assumptions about the cost of treating disease—that lead to conflicting findings. Those differences confuse decision makers, who must grapple with the underlying question of “which is the best strategy?”
Models are like maps. Maps are useful when they serve as guides to underlying territories. A map that is too vague is useless; one that is completely accurate merges with the territory itself and is also useless as a guide. The participants spent considerable time discussing the optimal balance for models along the continuum from rough guide to complete accuracy. They struggled with questions of how detailed CRC models should be if they are to be useful to decision makers and how detailed they can be, given the available information.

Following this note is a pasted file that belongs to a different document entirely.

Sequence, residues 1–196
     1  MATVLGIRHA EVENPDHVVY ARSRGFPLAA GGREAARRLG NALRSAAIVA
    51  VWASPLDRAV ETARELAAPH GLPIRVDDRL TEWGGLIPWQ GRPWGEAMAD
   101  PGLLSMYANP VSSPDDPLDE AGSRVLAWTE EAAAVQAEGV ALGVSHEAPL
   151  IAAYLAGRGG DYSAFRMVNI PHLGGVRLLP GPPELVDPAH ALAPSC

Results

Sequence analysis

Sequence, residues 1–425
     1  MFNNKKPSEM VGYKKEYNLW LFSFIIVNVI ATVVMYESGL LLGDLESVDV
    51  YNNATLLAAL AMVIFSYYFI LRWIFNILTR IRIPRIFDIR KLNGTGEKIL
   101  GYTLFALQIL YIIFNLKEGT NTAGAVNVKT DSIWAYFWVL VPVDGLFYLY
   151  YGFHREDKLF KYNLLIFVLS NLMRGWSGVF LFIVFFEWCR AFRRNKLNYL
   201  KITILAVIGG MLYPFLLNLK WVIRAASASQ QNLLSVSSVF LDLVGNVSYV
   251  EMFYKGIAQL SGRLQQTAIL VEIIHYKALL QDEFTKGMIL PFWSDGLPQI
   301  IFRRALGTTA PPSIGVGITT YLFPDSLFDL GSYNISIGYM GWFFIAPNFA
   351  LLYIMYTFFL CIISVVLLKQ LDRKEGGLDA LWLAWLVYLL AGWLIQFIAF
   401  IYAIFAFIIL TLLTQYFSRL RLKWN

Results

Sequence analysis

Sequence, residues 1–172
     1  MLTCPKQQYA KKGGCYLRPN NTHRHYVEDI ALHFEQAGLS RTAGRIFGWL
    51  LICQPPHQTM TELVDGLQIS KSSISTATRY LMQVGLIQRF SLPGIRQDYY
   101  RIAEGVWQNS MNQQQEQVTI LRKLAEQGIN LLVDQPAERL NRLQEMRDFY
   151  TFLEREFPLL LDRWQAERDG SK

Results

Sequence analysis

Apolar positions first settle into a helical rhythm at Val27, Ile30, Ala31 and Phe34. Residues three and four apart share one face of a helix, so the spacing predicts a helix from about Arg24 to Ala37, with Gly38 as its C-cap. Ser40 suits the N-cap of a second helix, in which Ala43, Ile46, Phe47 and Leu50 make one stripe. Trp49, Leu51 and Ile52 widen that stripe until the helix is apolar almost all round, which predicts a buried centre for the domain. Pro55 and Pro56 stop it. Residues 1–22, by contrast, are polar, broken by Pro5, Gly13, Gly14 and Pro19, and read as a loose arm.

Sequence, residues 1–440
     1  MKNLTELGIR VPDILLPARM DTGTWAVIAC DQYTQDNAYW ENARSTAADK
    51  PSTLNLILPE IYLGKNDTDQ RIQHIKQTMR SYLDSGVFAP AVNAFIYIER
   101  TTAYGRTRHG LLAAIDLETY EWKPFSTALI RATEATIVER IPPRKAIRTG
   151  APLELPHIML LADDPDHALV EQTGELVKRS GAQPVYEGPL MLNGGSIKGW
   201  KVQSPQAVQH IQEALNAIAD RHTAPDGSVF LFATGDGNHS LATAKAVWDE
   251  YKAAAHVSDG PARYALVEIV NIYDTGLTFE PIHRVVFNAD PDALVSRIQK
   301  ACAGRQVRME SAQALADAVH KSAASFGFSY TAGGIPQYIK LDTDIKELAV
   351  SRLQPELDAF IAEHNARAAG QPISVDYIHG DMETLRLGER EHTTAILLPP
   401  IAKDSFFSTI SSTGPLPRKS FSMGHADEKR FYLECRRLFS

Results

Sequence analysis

Richard Lilford provided valuable perspective with his observation that “modeling is a way of having a conversation.” That is precisely what occurred during the day and a half when modeling teams and experts came together to compare assumptions, results, and the underlying evidence base for modeling. Many participants commented on the value of the conversation for further refinement of their models (in the case of the research teams) and for research ideas (in the case of clinical and epidemiological researchers). The pre-workshop modeling collaboration demonstrated that too many lives and dollars are at stake not to continue to work on understanding and communicating both the strengths and weaknesses of cost-effectiveness models.